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Salvage team boards crippled oil rig off Alaska

A salvage team boarded the Royal Dutch Shell

A salvage team boarded the Royal Dutch Shell drilling rig Kulluk Wednesday as a North Pacific storm abated and waters around the rig calmed. The rig beached Monday on rocks off a small island near Kodiak Island after breaking tow lines and being cut adrift. (Jan. 2, 2013) Credit: AP

Salvage experts have visited the grounded Royal Dutch Shell oil drilling rig to evaluate how it should be moved from rocks along a beach of an Alaska island in the North Pacific.

The mobile drill vessel Kulluk drifted onto the rocks near Sitkalidak Island Dec. 31, after it was cut free from a tugboat when tow lines from another vessel broke during a storm. The vessel was being moved to Seattle for maintenance after the Arctic drilling season ended.

A team of five salvage experts was lowered onto the rig by helicopter Wednesday and spent about three hours to conduct a structural assessment that will be used to create salvage plans, according to a statement from the response team monitoring the grounding in Anchorage more than 250 miles away.

The Coast Guard flew over the vessel to check for oil sheen from leaks and reported finding none. It is carrying about 139,000 gallons of diesel and about 12,000 gallons of drilling fluids.

Smit Salvage, a unit of Koninklijke Boskalis Westminster NV, is heading the salvage operation. The rescue company was involved in the recovery of the Costa Concordia, which struck a reef off Italy last January.


Shell said it is reviewing the accident with an eye toward improving the safety of the venture. It has had a series of problems in its seven-year quest to tap the undersea Arctic oil resources, and the latest has given more ammunition to its critics who say the company is not up to the demands of Arctic marine drilling.

"It's just another of the long line of incidents that have bedeviled Shell throughout the year that prove that operating in the Arctic safely is a misnomer," Ben Ayliffe, head of the Arctic campaign for the environmental group Greenpeace, said in an interview. "You wonder how much more the U.S. authorities have to see before it's clear to everyone that Shell shouldn't be operating there."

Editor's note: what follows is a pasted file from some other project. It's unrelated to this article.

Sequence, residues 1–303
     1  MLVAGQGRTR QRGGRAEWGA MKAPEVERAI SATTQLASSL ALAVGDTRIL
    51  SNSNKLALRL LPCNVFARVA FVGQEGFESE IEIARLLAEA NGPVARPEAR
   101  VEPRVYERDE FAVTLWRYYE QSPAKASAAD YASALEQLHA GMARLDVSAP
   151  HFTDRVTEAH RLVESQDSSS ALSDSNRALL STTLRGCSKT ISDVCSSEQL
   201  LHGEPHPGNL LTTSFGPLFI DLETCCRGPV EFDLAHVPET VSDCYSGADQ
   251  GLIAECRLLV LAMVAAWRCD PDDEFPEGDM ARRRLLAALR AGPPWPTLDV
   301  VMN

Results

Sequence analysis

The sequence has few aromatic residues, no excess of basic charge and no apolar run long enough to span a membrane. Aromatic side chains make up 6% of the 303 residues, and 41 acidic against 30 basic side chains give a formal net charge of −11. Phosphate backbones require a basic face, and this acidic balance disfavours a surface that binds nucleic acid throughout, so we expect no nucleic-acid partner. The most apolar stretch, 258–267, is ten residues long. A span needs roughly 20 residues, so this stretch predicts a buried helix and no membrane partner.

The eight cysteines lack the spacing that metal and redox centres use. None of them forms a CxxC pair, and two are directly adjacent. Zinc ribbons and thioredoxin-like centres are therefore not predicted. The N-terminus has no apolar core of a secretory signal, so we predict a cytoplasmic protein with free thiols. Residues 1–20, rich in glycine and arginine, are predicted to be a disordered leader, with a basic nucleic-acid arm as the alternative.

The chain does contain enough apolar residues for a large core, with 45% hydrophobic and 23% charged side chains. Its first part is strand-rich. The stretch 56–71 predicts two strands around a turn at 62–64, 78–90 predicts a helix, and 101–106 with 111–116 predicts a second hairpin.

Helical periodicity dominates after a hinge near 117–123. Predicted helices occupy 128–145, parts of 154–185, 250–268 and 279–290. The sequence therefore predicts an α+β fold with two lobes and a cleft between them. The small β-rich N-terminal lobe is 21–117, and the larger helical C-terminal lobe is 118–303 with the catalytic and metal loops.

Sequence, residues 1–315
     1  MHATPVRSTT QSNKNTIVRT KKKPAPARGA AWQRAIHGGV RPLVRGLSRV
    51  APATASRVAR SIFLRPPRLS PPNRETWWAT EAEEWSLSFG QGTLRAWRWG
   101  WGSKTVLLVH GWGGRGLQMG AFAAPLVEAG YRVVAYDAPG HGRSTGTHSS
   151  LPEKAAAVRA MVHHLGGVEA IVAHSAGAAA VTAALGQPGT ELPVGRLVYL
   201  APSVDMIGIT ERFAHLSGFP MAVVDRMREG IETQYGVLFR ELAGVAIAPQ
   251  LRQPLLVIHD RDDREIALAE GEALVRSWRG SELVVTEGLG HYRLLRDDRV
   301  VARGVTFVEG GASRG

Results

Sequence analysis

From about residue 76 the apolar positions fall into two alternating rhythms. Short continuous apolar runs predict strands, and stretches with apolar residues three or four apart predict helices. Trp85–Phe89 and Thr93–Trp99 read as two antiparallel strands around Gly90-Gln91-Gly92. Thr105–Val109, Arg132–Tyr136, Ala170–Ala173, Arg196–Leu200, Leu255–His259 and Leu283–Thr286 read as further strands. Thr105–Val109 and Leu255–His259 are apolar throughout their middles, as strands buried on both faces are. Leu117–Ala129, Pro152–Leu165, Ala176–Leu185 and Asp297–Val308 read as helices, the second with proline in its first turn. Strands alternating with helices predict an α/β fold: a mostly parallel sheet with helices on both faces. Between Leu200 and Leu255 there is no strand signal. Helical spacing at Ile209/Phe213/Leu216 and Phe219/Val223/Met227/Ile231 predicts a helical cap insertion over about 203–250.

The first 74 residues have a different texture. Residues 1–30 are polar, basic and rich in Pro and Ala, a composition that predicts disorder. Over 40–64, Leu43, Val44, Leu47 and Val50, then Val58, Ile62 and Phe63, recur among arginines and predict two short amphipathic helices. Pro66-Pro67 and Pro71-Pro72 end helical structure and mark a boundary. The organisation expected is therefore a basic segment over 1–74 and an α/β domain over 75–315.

Shell said in a statement, "We have already begun a review -- working with our marine experts, partners and suppliers -- of how this sequence of events, including the failure of multiple engines on the MV Aiviq towing vessel led to this incident. We intend to use lessons from that review to strengthen our maritime fleet operations, globally."

The company has spent about $4.5 billion preparing to drill in the Chukchi and Beaufort seas on Alaska's Arctic coast, including procuring leases and $250 million a year just to maintain the ability to operate there, according to Tad Patzek, a former Shell researcher who chairs the Petroleum and Geosystems Engineering Department at the University of Texas at Austin.


Patzek described the Arctic as "the most difficult and inhospitable environment on the planet," where the ocean can freeze all the way to the sea floor in places, requiring that pipes and wellheads be buried.

Most drilling equipment must be delivered by ship from the Lower 48 states, increasing the risk of an accident that can foul the fragile ecosystem.

It is home to about 240 fish species, 12 species of marine mammals, four species of whales, the polar bear, the walrus, and six species of seals.

There are 64 species of seabirds that breed in the Arctic while about 50 million seabirds nest on Alaska's coast each summer, Patzek said.

Shell and other operators are willing to take the risk and expense to develop what Patzek called the world's largest untapped oil resource. Still, it may take 10 to 15 years before oil begins flowing from the region, he said in an interview.

"Shell doesn't do it because it's neat to do it but because there's an expectation of a very large find of oil," Patzek said. "What's in order in my mind is the go slow approach. We take our sweet time and develop suitable technology to produce the resource."


A spokesman for the U.S. Bureau of Safety and Environmental Enforcement, which regulates offshore drilling, declined to comment on whether it was reconsidering its approval of drilling in the region.

"All equipment Shell proposes to use in drilling operations must first satisfy rigorous inspection and testing standards," said the spokesman, Nicholas Pardi, in an email. "Any approved drilling activities will be held to the highest safety and environmental standards."

Shell received a permit to begin preparatory work in the Chukchi Sea. It announced Sept. 8 that drilling had started -- the first time in two decades that the U.S. Arctic sea floor had been touched by a drill bit -- although was forced the next day to disconnect its rig from the well to avoid encroaching sea ice.

Days later, the company said it would abandon oil drilling in Alaska's Arctic waters for the year.

"This latest accident put lives at risk and created the risk of significant environmental harm," Michael LeVine, senior Pacific counsel for the environmental group Oceana, said in an interview. "It must be a wake-up call to the government to reconsider the approvals it's granted Shell."

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